Murder most foul?

Dear Family and Friends,

Solomon Mujuru
Solomon Mujuru

Zimbabwe was rocked to the core this week by the death of the Commander of the Defence Forces, retired General Solomon Mujuru, in a fire at a farm in Beatrice. He was the husband of Zimbabwe’s Vice President Joice Mujuru.

Everything about the fire at Alamein farm has left Zimbabweans whispering and suspicious. The morning after the fire a journalist who arrived early on the scene said the fire brigade had been called but didn’t arrive for some hours and when it did get there, had no water. The journalist said the borehole also wasn’t working and water was being pumped into a bowser from a dam three kilometres away.

A radio communication system on the farm was apparently out of order and the three policemen stationed just 50 metres from the house were not aware of the fire until the blaze was so intense that asbestos roof sheets began exploding and shattering. One newspaper reported that guards at the farm did not have air time for their cell phones to call for help; another newspaper said that that farm workers had used their mobile phones to contact Vice President, Mrs Mujuru and summon the fire brigade.

No one can understand why Mujuru, who was a big, strong man, was not able to escape from the inferno as there were numerous doors and windows, none of which had burglar bars.

The Beatrice farm, Alamein, was taken over by Mujuru who evicted the owner, Guy Watson-Smith in 2001. Given just an hour’s notice to vacate his home and farm, he left with just a suitcase, forced to abandon his life’s work and assets. Watson-Smith told the press this week that he has spent the last 10 years trying, through the High Court of Zimbabwe, to get payment for his assets that were seized.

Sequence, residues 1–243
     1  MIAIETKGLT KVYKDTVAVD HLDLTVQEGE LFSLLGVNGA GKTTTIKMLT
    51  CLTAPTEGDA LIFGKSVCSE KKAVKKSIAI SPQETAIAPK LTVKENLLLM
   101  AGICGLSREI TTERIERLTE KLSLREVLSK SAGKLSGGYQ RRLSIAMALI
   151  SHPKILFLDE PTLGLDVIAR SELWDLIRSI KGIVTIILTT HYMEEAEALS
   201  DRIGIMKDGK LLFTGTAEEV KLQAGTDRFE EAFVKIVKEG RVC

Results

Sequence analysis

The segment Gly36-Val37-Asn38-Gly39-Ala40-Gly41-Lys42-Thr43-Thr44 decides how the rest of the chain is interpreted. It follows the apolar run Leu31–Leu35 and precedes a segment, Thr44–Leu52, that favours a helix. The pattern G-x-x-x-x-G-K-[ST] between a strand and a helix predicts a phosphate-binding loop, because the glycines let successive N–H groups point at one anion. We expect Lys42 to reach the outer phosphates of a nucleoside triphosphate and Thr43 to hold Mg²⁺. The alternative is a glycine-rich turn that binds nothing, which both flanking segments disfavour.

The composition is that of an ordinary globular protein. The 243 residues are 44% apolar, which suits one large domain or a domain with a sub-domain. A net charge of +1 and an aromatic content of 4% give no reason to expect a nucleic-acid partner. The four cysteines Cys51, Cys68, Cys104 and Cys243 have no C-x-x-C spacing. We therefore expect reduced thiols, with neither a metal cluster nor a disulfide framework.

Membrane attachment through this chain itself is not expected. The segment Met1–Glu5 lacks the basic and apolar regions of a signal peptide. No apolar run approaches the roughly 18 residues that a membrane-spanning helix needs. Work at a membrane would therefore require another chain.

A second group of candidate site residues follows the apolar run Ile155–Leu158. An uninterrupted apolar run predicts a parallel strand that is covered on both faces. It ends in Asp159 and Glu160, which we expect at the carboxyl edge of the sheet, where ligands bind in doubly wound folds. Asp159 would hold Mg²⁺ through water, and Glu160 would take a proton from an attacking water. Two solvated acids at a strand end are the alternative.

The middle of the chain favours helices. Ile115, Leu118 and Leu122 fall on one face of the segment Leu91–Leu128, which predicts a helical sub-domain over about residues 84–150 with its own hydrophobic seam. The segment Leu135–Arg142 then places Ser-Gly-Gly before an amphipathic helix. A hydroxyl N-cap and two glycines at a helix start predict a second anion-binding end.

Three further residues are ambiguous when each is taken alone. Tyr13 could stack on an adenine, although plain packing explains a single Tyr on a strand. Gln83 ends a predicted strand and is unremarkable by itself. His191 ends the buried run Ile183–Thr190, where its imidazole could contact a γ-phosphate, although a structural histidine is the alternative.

These included: 460 breeding cows; tractors, irrigation equipment, fertilizer, diesel; coal and vehicles which were valued in the region of two million US dollars. Asked about the flammability of his house on Alamein Farm this week, he said it was built of brick and cement with asbestos roofing which made it, in his words, ‘fireproof.’ “There were more doors and windows than holes in a colander. Our main bedroom alone had three doors out of it and four double windows. How do you get trapped inside that?”

The banner headline on the front of the Zimbabwe Independent newspaper at the end of the week summed up the feeling prevailing everywhere: “Mujuru allies cry ‘murder most foul’.”

As I write this letter, Mujuru is being laid to rest at Heroes Acre in Harare. There are more people gathered than I can ever remember seeing there. The stands and grounds are overflowing; people are seated under, around and in the branches of the surrounding Musasa trees whose leaves are red and orange in an early spring flush.

The MC at the funeral is Kembo Mohadi and his words perhaps explain far better than I can, the current sentiment in the country. He said:

“Before I call on His Excellency President Mugabe to speak may I implore you all to exercise maximum discipline.”

The death of Mujuru breaches a wall already straining at the seams and we wait to see which way now for the faction fighting within Zanu (PF) in the succession war and which way now for Zimbabwe.

Until next week, thanks for reading, Ndini shamwari yenyu.

Post published in: Opinions & Analysis

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